Last May, a friend of mine accidentally gave me this idea while kicking off a project of his own. I sat down that evening with grand intentions but a combination of wordpress problems and work promptly beat things back down. I’ve decided now to resume the project. I am going to start writing faerie tales of a sort, and I am going to write as many of them as I can. Hopefully one a week, maybe two. We’ll see. These stories will be seeded by a shuffling of prompt cards from Atlas Games’ Once Upon a Time. My rules for the exercise are as follows:
- I draw between 5 and 12 regular cards and one ending
- I have to use all of the prompts in a coherent manner
- I must finish the story within 72 real hours of starting it – minimal time “wasted” in editing or rewriting
- Cards that I have used are not eligible for reuse until I have consumed the entire deck
- Bonus points for referencing previous stories in the set
The goal here is to spend time writing every couple of days and publish something every week. Call my deadline Wednesday evening. Just to keep my brain from shriveling up and blowing away.
The first story used 7 cards, and was written over two evenings in May of 2011.
once upon a shuffle: 0: elise
Once upon a time in a forgotten corner of a forgotten kingdom, a small village was tucked away in the shadow of a great mountain. The village saw neither peddler nor tax collector, so far away from the rest of the kingdom were they situated, and over time, the mapmakers and historians forgot it even existed. The village didn’t have a name, people just called it “The Village”. Because, honestly, what other village was there? They had similarly creative names for the mountain and the forest. The people lived a simple but happy life, away from news from the outside world. They raised goats and grew a remarkable variety of potato – and cared for little else.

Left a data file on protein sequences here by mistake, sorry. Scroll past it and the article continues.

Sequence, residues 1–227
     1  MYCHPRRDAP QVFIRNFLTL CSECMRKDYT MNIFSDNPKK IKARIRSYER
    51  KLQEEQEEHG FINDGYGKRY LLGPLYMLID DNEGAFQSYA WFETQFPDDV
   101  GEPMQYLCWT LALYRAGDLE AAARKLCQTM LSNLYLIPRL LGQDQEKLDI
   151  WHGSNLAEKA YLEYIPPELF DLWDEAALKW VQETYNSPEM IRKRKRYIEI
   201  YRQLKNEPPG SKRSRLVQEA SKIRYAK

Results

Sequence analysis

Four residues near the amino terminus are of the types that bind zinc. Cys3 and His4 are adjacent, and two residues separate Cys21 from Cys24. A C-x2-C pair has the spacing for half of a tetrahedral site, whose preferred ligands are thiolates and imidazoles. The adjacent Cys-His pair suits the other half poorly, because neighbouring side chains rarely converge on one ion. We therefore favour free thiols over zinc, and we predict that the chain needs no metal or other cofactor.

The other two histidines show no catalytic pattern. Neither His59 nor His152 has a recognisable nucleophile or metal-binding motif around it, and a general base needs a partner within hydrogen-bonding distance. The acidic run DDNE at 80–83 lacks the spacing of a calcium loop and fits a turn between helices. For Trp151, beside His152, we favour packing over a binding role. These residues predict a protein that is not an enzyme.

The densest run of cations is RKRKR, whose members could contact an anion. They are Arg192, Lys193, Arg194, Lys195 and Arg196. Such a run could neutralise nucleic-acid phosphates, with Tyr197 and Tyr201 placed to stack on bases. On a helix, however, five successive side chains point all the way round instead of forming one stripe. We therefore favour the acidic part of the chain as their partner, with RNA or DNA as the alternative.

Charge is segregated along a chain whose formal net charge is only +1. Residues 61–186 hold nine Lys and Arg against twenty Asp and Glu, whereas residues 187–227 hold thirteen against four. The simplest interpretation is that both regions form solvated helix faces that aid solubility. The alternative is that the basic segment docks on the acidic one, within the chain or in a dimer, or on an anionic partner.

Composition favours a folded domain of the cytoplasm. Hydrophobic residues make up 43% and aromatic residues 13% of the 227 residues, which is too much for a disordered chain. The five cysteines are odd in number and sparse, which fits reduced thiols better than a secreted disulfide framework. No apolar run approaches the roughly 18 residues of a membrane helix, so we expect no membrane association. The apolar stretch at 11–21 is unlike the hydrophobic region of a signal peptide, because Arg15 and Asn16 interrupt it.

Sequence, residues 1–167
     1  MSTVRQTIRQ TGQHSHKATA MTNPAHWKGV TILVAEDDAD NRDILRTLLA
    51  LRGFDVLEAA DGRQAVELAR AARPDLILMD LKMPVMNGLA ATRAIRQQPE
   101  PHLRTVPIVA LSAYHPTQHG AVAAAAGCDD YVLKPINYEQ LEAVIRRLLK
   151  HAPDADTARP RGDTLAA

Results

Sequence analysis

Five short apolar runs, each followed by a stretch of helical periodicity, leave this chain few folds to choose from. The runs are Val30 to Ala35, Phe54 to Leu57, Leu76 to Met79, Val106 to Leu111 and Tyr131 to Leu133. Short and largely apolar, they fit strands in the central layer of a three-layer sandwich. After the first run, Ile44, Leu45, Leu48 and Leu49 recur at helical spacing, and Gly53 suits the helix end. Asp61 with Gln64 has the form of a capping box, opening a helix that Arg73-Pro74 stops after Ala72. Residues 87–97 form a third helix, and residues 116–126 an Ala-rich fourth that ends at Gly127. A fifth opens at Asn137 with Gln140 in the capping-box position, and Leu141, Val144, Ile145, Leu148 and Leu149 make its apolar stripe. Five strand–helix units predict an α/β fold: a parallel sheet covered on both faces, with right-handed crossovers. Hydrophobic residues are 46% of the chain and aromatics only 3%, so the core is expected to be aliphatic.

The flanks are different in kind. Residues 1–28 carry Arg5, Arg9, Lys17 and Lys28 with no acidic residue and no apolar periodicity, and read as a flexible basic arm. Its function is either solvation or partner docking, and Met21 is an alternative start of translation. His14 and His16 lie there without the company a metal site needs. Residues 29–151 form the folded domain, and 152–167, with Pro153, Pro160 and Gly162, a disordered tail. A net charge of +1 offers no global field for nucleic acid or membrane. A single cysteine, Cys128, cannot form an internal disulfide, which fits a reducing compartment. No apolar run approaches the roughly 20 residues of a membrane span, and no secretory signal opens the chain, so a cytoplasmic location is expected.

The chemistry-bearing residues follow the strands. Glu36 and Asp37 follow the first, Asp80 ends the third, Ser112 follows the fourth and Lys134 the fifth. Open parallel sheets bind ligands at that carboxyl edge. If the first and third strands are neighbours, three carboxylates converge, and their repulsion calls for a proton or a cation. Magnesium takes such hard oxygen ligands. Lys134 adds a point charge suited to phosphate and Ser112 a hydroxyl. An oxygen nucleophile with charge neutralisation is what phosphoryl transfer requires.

It was here that Jens was born to a pair of happy parents. He grew to adulthood never questioning their way of life, happy with his dinners of goat cheese and potato soup. He had many friends among the other village youths – though there were only a handful. His best friend was the lovely Elise, a girl with rich chestnut hair to her waist and eyes the color of a frozen pond. Almost from birth, the two were inseparable and got into every sort of mischief together. It was assumed by the entire village, and the kids themselves, that they would eventually be married.
One autumn day, Jens and Elise climbed the mountain behind the village a ways to a secret spot where they had been building a cottage together, very slowly. The place had three walls, no door, 3/4 of of a roof, and an empty window frame overlooking the valley below. After their climb, they didn’t feel much like building. It was often this way, which is why the place was taking so long to put together. They would escape to their cottage two or three times a week and might put in an hour’s work one of those trips. Mostly, they just enjoyed the view and the quiet away from the bustle of the village below.